The obvious (!!???) solution is this: move the body of the mammal to the top of the mountain and then look through its two eyes over the landscape. Never mind that this is a real drag, literally, especially since the body has to be moved back into its own proper "home" down in the valley to join the herds of the other mammals.
More recently, the idea is to build systems of mirrors, lenses, and automatic picture copying devices to redirect a visual copy of the original view from the top of the mountain directly to the front of the mammal's body where it can then safely stare at a cheap 2D copy.
Now, enough of this. What happens if a Being gets all its courage together, says to itself, "to hell with this all," and starts LOOKING without the eyes of the mammal?
The vision of a mammal is a reflection of a tiny sliver of the information that is out there and that could be perceived. It is like a radio dial that is stuck in one position, which forces the Being to listen to just one station only. With an ingenious trick of its mind, the Being convinces itself that this position on the radio dial is the only one that receives any station and, to justify its mad decision, the Being will fight any other opinion to any possible extent. If necessary, the Being may even direct its own mammal to crush the head of another mammal.
Now, if the Being is turning on the radio dial of its perceptions, it may happen that the new information is so overwhelming that it quickly abandons it and finds comfort in the stuck, but familiar, position of the dial again. The different "radio stations" are an analogy to the different "domains of perceptions." They are not just different sources of similar information, like the tunes from the "Classic Rock" radio station are minimally different from the "Rock from the 60's" station - no, they are farther apart than opera and Oprah.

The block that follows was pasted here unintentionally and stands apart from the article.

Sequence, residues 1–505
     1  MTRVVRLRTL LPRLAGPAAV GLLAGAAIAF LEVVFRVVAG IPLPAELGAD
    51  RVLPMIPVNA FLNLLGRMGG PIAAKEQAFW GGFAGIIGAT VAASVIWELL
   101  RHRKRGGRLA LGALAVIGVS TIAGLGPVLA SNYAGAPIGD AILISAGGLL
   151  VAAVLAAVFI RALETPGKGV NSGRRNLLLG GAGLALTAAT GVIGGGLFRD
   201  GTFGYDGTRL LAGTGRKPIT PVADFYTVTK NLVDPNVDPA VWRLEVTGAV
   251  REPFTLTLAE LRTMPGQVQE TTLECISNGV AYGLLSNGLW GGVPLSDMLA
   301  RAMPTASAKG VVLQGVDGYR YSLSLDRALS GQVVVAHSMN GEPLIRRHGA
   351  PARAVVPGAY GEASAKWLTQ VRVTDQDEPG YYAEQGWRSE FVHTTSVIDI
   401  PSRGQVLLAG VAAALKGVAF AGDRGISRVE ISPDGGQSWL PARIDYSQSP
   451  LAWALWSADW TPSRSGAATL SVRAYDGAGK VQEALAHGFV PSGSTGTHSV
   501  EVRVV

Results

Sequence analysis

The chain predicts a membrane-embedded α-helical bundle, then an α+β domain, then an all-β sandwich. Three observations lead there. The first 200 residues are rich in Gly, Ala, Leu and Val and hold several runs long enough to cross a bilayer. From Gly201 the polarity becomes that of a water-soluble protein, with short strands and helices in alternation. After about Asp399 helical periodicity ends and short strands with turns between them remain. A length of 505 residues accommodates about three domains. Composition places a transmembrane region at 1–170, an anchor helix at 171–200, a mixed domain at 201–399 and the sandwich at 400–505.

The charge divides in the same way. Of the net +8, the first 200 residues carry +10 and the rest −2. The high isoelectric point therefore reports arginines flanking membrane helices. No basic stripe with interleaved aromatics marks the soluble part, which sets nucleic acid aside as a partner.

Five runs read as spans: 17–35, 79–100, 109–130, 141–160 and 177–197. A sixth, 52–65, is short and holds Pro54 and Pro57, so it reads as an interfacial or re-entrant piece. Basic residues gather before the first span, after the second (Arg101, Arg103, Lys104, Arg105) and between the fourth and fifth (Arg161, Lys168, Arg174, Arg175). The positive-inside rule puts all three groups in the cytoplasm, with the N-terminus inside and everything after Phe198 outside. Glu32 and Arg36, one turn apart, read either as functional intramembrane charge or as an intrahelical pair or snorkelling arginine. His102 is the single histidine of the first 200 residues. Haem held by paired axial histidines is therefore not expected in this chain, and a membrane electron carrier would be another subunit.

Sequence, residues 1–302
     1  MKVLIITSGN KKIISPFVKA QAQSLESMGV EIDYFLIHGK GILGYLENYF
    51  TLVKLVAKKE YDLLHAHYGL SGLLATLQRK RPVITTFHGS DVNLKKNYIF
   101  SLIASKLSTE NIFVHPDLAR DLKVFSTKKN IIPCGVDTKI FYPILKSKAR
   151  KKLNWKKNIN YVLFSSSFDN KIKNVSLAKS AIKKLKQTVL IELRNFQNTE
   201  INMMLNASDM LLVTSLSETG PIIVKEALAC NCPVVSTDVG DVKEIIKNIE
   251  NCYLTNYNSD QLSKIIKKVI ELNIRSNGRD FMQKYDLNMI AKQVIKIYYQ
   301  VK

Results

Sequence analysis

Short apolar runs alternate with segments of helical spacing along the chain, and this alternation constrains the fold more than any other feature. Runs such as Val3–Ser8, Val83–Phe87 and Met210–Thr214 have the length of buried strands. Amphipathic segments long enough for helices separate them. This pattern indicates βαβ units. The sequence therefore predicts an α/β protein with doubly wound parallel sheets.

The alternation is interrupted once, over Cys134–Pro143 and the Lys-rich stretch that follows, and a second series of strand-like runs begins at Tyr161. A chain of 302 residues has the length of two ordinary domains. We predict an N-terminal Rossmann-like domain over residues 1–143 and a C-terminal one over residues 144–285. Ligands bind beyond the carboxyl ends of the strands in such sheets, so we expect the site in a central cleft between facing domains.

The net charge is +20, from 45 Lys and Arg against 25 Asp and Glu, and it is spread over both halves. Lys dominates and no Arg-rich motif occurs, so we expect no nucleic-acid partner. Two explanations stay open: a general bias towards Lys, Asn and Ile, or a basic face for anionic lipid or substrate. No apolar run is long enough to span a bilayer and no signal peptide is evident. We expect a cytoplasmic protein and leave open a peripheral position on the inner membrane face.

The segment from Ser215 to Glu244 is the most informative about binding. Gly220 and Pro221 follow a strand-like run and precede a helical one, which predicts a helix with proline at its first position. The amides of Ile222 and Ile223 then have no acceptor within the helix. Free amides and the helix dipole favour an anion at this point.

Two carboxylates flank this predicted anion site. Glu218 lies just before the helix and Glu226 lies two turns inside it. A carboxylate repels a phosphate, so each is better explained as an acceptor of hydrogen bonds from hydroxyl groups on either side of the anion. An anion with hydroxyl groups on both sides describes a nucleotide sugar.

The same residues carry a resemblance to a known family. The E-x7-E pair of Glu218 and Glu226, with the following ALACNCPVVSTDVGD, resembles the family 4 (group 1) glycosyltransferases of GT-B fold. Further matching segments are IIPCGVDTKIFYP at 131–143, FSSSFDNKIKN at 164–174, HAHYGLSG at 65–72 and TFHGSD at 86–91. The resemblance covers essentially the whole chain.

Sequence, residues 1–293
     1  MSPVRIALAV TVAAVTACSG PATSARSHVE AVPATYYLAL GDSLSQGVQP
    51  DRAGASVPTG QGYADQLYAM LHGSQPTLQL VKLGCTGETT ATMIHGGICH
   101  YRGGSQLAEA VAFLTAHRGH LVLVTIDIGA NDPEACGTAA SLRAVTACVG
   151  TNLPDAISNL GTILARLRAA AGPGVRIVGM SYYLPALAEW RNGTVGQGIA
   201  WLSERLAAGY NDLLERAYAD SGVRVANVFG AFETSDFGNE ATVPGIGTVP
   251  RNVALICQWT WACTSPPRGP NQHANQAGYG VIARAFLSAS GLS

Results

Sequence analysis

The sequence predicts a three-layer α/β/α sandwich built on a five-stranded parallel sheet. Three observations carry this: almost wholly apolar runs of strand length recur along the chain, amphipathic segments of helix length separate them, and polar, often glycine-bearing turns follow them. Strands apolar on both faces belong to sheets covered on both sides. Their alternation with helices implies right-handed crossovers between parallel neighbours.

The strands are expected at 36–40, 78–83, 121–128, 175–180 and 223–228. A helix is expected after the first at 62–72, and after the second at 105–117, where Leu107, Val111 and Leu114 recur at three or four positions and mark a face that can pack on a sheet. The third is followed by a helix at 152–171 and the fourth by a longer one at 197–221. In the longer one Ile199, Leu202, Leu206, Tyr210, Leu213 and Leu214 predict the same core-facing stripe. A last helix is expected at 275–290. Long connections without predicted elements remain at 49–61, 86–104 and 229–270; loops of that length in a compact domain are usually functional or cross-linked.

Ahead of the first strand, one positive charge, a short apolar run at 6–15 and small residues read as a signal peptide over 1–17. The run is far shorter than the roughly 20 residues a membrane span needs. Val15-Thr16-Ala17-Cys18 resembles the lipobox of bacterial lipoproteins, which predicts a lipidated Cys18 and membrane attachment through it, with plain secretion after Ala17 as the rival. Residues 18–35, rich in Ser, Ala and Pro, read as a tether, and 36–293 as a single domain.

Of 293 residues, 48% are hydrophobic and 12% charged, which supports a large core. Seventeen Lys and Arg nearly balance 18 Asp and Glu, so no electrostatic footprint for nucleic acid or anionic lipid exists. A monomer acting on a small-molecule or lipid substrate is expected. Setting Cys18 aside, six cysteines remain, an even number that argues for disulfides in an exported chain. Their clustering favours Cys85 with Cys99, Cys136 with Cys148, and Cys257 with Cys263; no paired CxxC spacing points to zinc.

What's worse, there is an annoying gap in between the stations or domains of perception. Before the perception of another domain can be received, this terrible gap must be passed through on the dial. This circumstance was apparently known for a long time in human history. The Latin word for this gap was "Chaos," derived from the Classic Greek word "chainein"("to yawn, gape").
In a semantic twist that makes one wonder about the development of human abilities in the last millennia, chaos now stands for "confusion" and "disorder." However, originally it just referred to the emptiness of the gap in between domains of life and, consequently, the domains of perception.
Now, a lot of smart people make a sport of it. They watch the "emptiness," "nothingness," "voidness" just for the fun of it. Some go even further and proclaim that this is the "true nature" of Beings, a frightening joke, that is. For lack of self-confidence they certainly don't admit that this is their own mental creation and they pronounce it to be the miraculous revelation of a super-human such as a "Buddha," in total disregard of Gotamo Siddharto's own lengthy refutation of this very claim in his own times.